Memphis is at her element when she is using her magick. She has been denying her wiccan self for a few years so she is rusty but she is good. Tucker, the granddad of Cleo and Romola, really helps Memphis gather her bearings and prepare against the magical attacks against her. He is the one who understands the fairies more than Memphis and leads her to obtaining help from fairies. The magick part of Memphis makes her an interesting character because she has always known about magick and is accustomed to weird things happening. The more she uses magick, the more Memphis begins to feel comfortable in her own skin again (at least that is the impression I got).
Remember the in-depth background at the introduction of the novel that I mentioned, the problem with is that half of it is used to explain Memphis’s witchy background which is good but the other half deals with her mundane job as a journalist and her relationship with (boring) Cooper. It is an attempt to show her as a happy woman except she is not. It doesn’t seem like she likes her job very much (she is only friends with one co-worker) and her relationship with Cooper is not really strong. He doesn’t understand or care her wiccan background which is a vital part of Memphis even as she denies it. The intro is divided between being interesting and being boring at the same time.
Overall, it was a good novel that takes a while to warm up. It delves into the world of wicca but it not too in depth. Memphis starts out as a character that is not entirely happy with her life but ends up finding her road back to being comfortable with herself. Not happy with life but comfortable which is a better place than we find her in at the start.
51st in the 150+ Reading Challenge
Also qualifies for: E-book, Self-Published, Witch and Witchcraft, Where Are You Reading?-California
Blurb from Amazon:
Seventeen-year-old Allison Wright is convinced she’s losing her mind. Uncontrollable mood swings, hot flashes, and the urge to punch anyone who gets in her way are suddenly becoming everyday occurrences. Before her erratic behavior gets out of hand, Allison’s mother finally comes clean about her dark secret. Mom is a werewolf, and soon Allison and her brother Aiden will suffer the same fate. When Allison reaches her breaking point, the family leaves their life in Texas to move to Red Ridge, New Mexico where they rejoin the pack that Allison’s mother left behind almost 20 years ago.
Unfortunately, not everyone in Red Ridge is thrilled about Allison’s arrival, especially when she attracts the attention of the very handsome, very taken, soon-to-be alpha, Cade Walker. Little does Allison know, her mere presence is causing a rift in a once unified pack. Not only has Cade been forbidden from being with Allison by his father, the pack’s alpha, Cade’s girlfriend, Kendall Stuart, will stop at nothing to get Allison out of the picture. Well on her way to becoming the next alpha’s mate, Kendall expects to rule the pack by Cade’s side even if it means teaming up with a rogue werewolf with an agenda of his own. Determined to get rid of Allison permanently, when Kendall and the rogue join forces, all hell breaks loose and no one in the pack is safe, especially not Cade and his true mate.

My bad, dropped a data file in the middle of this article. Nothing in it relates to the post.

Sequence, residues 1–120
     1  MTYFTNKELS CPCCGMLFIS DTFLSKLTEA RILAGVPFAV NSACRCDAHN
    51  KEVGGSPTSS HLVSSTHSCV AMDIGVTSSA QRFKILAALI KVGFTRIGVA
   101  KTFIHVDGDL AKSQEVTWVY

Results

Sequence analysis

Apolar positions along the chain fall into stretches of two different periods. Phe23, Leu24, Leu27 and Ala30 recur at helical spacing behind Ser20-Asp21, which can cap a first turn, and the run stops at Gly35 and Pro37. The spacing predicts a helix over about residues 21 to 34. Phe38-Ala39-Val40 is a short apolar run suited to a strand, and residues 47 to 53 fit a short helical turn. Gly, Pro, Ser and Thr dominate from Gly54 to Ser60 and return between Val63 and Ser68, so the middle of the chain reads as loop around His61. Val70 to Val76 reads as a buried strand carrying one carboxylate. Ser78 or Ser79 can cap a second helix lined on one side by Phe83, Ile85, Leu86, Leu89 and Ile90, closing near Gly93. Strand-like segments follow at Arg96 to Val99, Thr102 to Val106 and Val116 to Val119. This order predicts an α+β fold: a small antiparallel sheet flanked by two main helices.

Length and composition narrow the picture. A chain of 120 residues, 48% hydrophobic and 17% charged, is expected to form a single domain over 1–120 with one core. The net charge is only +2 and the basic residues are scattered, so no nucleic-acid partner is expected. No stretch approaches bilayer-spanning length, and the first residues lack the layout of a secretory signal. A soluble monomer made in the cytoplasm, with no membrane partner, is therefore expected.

Title: Dead Girl’s Dance
Author: Rachel Caine
Series: Morganville Vampires # 2
Genre: Urban Fantasy, YA Paranormal
Source: Personal purchase
Pub. Year: 2007
Purchase: Amazon/ B&N/ TBD
Blurb from Amazon:
Claire has her share of challenges. Like being a genius in a school that favors beauty over brains; homicidal girls in her dorm, and finding out that her college town is overrun with the living dead. On the up side, she has a new boyfriend with a vampire-hunting dad. But when a local fraternity throws the Dead Girls’ Dance, hell is really going to break loose.
What I will remember: The blurb is really misleading, it’s much more about the biker gang than the fraternity dance.
This novel continues right off where Glass Houses finishes. It gives it a weird vibe, at least to me, it just seems like the second novel is a continuation of the first novel instead of a standalone novel. It has a new plot but it still feels heavily tied to Glass Houses. It’s not a book a person can read without reading the first one because the biker gang is there, Michael’s condition is accepted and not explained, and so is the vampire-dominated town.
Morganville is a messed-up place to live in if you are human because the law is pretty much nonexistent even if police officers exist. The police can’t act against the vampires because the vampires control the paycheck. The humans don’t trust the police either. Spoiler alert: Claire is drugged and a victim of an attempted rape and she does nothing about it. Instead of reporting it, she has Sam (a vampire) threaten the man who attacked her. The law is just a dog without a bite, no way to enforce unless a vampire requests it. No one really gets punished for their crimes against humans. Only crimes against vampires will be judged.
It wan an enjoyable read but there is still something off with this novel. I think it is how much trouble Claire gets in within 48 hours and somehow manages to leave without a serious injury. She just keeps getting deeper and deeper into vampire politics; it is hurting her emotionally and physically but more importantly, I don’t think she is going to be able to leave Morganville when she is done with her two years in school. She may be too heavily invested in vampire politics.